2. Cream the butter and sugar together until light and fluffy. Beat the eggs in one at a time.

3. Add the flour and baking powder and gently mix in. Divide the mixture into two. For the mint mixture, stir in a few drops of peppermint essence and the green food colouring. For the chocolate mixture, blend the cocoa powder with 1 tablespoon of boiling water. Stir well into a smooth paste. Thoroughly fold this into the cake mixture.

4. Add the two sets of mixture to the tin in a random fashion to make the marble effect. Bake in the oven for 25-30 minutes. Ensure the cake is cooked through and is well risen before removing from the oven. Allow to cool. Remove the baking parchment from around the cake.

5. Once the cake is completely cold, you ice the cake. To make the glacé icing, mix the icing sugar, cocoa and 1 tablespoon of hot water thoroughly to make a smooth paste. Pour over the top of the cake. Crumble the bubbly mint chocolate bar and use to decorate the top of the cake, covering the icing.

(I forgot to take a picture of the cake when sliced to show you the inside, but it’s definitely worth the effort for the fun effect.)

Sticky marzipan and cherry buns

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Stick marzipan and cherry buns (makes 12)

150g butter
150g caster sugar
2 large free range eggs
150g self raising flour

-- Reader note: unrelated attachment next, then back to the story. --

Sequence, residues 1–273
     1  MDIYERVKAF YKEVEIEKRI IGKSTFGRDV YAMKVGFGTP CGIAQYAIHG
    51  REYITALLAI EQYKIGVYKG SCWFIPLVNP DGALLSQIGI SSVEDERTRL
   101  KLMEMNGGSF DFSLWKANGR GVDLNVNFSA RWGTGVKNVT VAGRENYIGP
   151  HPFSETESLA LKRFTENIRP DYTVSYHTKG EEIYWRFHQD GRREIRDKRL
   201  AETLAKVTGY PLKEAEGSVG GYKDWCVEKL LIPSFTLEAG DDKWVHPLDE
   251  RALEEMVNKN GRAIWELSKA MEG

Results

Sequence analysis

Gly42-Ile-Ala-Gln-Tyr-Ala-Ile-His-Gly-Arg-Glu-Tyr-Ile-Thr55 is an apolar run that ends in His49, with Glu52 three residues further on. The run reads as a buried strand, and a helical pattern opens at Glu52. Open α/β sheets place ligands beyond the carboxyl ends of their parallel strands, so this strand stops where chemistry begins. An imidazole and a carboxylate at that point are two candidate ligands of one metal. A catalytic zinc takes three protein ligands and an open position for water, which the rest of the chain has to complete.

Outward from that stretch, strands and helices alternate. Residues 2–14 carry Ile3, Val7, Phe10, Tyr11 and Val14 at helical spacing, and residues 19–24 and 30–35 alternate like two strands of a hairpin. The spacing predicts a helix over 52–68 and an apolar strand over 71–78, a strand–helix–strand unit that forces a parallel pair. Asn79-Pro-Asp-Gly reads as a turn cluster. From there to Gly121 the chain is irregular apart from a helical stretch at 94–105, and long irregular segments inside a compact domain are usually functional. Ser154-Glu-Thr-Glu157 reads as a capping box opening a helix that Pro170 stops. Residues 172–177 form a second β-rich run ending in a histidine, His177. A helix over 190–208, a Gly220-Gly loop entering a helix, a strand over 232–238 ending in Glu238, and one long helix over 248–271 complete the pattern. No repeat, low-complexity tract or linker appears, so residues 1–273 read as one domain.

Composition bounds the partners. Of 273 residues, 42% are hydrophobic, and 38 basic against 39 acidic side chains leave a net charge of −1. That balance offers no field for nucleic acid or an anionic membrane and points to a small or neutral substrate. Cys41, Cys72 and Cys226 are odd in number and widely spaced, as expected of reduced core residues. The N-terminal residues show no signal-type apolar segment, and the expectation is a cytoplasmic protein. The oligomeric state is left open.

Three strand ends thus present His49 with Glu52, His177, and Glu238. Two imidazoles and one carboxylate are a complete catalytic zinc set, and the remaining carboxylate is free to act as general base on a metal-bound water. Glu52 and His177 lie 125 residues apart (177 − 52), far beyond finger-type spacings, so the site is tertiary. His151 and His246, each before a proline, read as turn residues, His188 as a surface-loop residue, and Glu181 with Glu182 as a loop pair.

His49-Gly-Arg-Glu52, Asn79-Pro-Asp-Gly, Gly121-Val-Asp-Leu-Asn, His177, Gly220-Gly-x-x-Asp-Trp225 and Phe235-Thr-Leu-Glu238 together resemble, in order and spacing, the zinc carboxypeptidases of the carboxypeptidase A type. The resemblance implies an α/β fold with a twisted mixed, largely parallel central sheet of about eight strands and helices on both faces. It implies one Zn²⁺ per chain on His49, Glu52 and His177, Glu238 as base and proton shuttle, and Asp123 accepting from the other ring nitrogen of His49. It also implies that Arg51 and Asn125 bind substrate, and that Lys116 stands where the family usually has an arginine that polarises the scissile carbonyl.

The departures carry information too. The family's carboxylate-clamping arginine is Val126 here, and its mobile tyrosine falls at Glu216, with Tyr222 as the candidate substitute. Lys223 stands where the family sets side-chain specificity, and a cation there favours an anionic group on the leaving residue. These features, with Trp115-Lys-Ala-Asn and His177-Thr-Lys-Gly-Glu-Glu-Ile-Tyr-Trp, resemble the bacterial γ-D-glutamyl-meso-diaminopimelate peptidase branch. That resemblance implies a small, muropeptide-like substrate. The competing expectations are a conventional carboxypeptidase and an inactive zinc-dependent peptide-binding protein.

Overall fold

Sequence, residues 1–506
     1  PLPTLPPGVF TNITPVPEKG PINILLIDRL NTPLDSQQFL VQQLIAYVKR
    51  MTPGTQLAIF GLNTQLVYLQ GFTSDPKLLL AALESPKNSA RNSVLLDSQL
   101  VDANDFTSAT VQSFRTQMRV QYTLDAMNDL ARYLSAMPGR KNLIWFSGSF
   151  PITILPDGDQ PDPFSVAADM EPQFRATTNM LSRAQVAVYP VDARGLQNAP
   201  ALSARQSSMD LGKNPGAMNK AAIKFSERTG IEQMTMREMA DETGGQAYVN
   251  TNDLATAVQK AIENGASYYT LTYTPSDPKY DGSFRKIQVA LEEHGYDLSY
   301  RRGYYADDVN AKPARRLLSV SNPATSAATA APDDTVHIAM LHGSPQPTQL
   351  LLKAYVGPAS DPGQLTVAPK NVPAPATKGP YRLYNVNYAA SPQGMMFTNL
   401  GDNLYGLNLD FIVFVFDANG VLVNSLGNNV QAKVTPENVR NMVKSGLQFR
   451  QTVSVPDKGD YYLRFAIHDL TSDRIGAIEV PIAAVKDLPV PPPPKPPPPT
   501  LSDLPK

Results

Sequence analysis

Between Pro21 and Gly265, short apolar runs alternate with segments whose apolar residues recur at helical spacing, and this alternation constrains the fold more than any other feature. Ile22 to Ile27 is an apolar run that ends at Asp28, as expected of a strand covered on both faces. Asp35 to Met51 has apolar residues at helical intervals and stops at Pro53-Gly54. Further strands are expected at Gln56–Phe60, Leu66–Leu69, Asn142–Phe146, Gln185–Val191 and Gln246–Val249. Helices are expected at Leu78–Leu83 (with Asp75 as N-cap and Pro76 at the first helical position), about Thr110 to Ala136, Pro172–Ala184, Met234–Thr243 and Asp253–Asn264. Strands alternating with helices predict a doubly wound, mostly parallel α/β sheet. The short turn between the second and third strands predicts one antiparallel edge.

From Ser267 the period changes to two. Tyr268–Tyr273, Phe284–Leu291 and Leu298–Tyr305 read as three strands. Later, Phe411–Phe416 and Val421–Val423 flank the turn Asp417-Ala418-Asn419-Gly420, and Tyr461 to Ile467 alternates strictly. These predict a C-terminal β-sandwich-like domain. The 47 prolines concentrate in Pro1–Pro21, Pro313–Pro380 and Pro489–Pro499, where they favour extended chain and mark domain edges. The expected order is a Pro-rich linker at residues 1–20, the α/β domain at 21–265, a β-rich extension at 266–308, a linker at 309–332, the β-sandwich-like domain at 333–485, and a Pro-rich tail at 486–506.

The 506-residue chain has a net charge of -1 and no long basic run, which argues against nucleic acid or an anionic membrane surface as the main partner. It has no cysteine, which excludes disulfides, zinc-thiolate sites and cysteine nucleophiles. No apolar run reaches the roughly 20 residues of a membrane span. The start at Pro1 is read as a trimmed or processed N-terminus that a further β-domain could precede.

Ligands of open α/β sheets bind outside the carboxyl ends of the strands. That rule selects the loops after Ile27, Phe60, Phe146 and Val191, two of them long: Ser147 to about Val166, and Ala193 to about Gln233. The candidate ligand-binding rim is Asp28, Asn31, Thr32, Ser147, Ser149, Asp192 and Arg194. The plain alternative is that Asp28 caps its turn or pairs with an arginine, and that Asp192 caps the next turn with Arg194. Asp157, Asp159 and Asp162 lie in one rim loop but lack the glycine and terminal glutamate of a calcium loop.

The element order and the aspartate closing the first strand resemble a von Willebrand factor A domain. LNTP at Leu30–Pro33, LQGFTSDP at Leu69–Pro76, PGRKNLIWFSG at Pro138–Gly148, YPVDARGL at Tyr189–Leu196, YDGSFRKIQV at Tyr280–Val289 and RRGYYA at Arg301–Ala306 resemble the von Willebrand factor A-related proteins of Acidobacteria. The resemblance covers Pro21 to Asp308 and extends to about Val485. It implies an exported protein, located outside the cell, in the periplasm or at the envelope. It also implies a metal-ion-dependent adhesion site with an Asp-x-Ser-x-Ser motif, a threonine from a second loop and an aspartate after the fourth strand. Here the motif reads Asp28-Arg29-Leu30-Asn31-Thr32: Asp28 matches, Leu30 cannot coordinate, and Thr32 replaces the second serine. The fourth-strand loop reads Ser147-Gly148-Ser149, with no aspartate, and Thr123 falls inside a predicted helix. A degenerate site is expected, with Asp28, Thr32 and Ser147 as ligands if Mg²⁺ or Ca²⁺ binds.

1 tsp almond extract
75g glacé cherries, washed and halved
50g marzipan, cut into 5mm cubes

1. Preheat oven to 180°C. Prepare a bun tray by lining with bun cases.

2. Cream the butter and caster sugar together until pale and fluffy.

3. Add the eggs, one at a time, alternating with mixing in some of the flour. Once all the flour is stirred in, add the almond extract.

4. Stir in the cherries and the marzipan pieces.

5. Divide the mixture between the bun cases. Bake for 20 mins until golden and risen.

6. If you want to ice the buns, I would suggest starting with this recipe here.  I made a wet style icing, but you can make something firmer and good for piping if you want by playing around with the volumes of ingredients.

 

Chocolate thumbprint cookies

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100g Butter, at room temperature
100g Caster Sugar
3 heaped tablespoons Cocoa powder
Pinch of Salt
1 tsp Baking powder
½ tsp Bicarbonate of Soda
175g Plain flour
100g White chocolate

1. Preheat the oven to 200°C.

2. Cream together the sugar and the butter. Then mix in the cocoa powder until well combined.

3. Add the salt, baking powder, bicarbonate of soda and flour and mix briskly together.